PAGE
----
Your disability does not make you less of an effective altruist
Effective altruism is about doing the most good with what you have. Having a mental or physical disability might cause you to have less time, money or energy to spend. But if you maximize the impact of these resources, you are doing as much good as you can with what you have.
While I agree with you in principle, I think that the reality is that it is tough to keep this idea in mind, primarily because we judge people based on the results/achievements, rather than on the effectiveness of what they achieved based on what they had.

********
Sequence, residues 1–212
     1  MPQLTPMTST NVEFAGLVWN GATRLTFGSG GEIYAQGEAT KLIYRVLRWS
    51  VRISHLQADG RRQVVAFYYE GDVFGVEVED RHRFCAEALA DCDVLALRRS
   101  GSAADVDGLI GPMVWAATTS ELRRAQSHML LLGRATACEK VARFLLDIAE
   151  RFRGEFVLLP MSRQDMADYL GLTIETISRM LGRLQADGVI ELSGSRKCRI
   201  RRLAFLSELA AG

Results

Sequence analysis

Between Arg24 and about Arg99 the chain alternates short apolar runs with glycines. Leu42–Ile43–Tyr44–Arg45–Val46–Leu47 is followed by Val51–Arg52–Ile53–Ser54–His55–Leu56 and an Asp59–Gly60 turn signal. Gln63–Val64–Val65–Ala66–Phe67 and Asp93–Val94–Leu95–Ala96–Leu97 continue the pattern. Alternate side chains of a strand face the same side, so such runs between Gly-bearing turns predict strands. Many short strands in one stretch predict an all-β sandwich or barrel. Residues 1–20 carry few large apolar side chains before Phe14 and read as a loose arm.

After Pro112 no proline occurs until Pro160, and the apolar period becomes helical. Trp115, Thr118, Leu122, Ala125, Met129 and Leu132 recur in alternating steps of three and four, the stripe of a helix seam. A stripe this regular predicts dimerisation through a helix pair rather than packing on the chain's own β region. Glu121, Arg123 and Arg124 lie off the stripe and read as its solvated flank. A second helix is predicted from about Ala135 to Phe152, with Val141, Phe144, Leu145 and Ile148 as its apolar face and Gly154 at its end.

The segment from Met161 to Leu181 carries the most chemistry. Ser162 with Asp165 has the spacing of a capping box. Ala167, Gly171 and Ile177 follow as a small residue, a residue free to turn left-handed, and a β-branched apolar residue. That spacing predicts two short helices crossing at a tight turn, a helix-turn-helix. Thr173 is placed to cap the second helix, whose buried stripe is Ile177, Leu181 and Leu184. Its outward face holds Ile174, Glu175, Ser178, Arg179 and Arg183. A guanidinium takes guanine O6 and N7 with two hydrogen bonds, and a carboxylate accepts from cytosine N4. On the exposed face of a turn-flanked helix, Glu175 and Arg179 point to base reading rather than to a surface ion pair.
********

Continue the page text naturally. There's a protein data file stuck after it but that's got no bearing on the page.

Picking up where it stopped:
Simple toy example: the person who started with $100 and ends up with $500 gets much more praise than the person who starts with $5 and ends up with $100.
That’s a good point – others will no doubt measure your success by your absolute impact which will depend on your initial abilities/resources. My post was more meant to address the guilt and distress I suspect many disabled EAs feel, which I think is unfounded.